Experts warn: Nuclear deterrent under threat from underwater drones
A nuclear submarine is seen at the Royal Navy's submarine base at Faslane, ScotlandReuters

Rapidly advancing underwater drone technology could pose a threat to Britain's nuclear deterrent programme, an expert has warned. The chief executive of the British American Security Information Council (Basic), Paul Ingram, is reported to have opined that the drones could make the Trident nuclear submarines "vulnerable".

Submarines have been considered one of the most reliable forms of stealth warfare. Given their ability to remain undetected, they have been used extensively in various pre-emptive attacks. The Trident replacement submarines are also required to function as quietly as possible.

However, underwater drones are now believed to come with sonar and satellite fixtures enabling them to detect even the most silent and stealthiest of submarines. Some sensor technologies are also believed to be capable of detecting submarine activity under water by examining surface water movements. Underwater drones that can be controlled remotely by ship or land-based operators are believed to pose an additional threat to submarines.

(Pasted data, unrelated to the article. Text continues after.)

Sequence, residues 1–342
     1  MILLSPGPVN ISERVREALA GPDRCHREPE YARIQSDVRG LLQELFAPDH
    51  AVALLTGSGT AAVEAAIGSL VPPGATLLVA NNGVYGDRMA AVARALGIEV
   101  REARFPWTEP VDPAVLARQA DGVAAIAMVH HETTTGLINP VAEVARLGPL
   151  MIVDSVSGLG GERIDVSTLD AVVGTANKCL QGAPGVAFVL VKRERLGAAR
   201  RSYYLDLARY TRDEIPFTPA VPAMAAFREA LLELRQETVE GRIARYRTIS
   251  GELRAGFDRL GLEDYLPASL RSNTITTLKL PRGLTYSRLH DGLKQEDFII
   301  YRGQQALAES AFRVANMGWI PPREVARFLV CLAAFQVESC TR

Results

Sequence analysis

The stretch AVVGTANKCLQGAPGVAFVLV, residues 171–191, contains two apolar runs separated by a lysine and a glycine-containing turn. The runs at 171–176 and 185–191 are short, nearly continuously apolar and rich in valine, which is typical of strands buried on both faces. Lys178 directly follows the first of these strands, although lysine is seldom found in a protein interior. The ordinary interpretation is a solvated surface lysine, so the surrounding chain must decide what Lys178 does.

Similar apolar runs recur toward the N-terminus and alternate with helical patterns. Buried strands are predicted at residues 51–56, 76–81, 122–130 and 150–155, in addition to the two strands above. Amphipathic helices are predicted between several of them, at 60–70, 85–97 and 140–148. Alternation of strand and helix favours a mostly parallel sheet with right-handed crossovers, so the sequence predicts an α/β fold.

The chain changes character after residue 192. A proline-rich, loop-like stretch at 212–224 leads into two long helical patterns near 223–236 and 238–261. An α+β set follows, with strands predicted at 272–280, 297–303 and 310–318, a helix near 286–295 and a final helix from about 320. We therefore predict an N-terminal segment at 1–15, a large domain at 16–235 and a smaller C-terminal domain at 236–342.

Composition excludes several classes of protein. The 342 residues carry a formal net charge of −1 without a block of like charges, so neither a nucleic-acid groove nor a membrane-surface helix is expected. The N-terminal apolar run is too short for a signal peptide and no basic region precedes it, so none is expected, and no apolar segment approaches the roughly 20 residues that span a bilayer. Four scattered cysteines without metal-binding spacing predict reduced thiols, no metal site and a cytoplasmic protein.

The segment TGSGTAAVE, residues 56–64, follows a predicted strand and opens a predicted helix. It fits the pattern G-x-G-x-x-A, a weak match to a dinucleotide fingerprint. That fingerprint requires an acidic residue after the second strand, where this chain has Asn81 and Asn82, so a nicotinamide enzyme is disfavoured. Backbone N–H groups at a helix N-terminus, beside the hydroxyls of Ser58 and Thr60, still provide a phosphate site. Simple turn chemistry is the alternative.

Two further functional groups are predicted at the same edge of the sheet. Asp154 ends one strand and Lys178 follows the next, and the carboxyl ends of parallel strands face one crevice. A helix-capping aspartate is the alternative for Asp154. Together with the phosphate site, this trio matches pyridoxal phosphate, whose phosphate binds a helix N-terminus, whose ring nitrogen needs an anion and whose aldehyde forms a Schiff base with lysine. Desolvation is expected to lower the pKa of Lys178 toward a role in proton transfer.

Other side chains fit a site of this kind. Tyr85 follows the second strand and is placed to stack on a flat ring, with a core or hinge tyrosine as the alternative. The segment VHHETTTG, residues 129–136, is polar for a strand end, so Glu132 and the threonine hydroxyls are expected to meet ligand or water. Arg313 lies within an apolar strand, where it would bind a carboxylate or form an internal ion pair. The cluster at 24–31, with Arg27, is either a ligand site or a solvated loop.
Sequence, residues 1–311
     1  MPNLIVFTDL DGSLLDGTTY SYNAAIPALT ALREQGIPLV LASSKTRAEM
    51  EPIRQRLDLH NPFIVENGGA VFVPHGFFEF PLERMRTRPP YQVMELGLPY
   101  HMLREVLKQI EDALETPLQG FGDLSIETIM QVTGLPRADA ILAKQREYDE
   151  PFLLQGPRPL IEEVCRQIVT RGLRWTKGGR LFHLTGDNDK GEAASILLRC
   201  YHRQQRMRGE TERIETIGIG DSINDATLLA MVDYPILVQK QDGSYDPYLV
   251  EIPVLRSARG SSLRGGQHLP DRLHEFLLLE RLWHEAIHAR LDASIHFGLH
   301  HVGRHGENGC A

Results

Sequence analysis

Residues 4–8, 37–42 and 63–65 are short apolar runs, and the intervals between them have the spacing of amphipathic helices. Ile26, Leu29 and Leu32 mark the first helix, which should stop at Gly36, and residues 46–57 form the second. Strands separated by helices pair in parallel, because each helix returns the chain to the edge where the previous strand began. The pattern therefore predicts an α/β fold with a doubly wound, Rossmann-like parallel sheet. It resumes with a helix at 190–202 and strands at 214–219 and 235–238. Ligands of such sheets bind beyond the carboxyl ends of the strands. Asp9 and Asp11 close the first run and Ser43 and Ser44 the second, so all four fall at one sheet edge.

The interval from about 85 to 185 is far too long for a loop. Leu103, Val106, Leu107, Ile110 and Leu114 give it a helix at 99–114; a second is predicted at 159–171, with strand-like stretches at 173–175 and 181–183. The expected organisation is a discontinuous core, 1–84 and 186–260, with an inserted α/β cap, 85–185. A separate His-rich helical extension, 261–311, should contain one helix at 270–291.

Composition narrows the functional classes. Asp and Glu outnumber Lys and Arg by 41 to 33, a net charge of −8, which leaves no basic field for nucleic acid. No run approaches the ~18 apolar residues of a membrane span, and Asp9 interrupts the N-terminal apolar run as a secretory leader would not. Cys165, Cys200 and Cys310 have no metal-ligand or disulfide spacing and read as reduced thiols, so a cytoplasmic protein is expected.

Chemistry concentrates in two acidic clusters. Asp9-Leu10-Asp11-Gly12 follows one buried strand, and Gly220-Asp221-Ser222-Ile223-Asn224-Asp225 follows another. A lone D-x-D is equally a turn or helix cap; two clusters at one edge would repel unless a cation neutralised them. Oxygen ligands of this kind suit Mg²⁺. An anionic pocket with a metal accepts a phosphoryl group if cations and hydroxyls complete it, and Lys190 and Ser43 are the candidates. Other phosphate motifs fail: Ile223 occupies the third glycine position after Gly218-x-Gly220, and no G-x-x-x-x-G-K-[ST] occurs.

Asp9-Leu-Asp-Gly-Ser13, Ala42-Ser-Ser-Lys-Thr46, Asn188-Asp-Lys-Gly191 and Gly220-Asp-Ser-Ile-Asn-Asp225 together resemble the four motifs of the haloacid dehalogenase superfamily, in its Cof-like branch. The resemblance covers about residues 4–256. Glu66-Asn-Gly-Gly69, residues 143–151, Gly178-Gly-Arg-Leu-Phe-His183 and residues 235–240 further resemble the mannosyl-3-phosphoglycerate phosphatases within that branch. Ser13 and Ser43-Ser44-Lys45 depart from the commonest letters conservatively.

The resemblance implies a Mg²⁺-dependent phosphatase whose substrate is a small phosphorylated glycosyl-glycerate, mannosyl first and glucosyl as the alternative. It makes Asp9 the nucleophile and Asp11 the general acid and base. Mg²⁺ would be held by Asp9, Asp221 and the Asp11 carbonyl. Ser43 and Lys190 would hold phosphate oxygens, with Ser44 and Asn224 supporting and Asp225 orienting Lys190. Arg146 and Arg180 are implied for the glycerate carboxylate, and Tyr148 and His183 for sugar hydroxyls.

As stealth-detecting technologies become more readily available and cost-effective, their deployment could render programmes like Trident, which heavily depend on submarines to act as nuclear deterrent, obsolete. Ingram said: "There is a major transition taking place in the underwater battle space and it is far from clear how the new submarine will be able to evade detection from emerging sophisticated anti-submarine warfare capabilities."

British Pugwash, a British non-proliferation group, is all set to launch an investigative research project to determine the effectiveness of the Trident programme. A spokesperson of the group, Carol Naughton, stated: "We are in danger of embarking on a major spend that will not only fail to deliver the invulnerability required of the proposed deterrent system, but is also likely to add a worrying degree of instability into the nuclear weapons situation."

Britain is working on the £31bn Trident programme with the first submarine not set to enter service before early 2030.